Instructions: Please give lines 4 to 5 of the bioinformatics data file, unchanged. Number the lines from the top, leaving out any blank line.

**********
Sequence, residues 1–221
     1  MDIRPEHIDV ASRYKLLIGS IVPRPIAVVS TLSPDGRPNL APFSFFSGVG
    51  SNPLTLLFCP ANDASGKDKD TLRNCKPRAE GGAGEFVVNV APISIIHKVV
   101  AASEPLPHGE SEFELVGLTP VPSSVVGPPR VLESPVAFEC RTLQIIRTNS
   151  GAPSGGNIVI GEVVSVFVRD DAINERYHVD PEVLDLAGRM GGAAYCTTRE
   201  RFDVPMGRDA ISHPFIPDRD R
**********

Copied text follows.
   101  AASEPLPHGE SEFELVGLTP VPSSVVGPPR VLESPVAFEC RTLQIIRTNS
   151  GAPSGGNIVI GEVVSVFVRD DAINERYHVD PEVLDLAGRM GGAAYCTTRE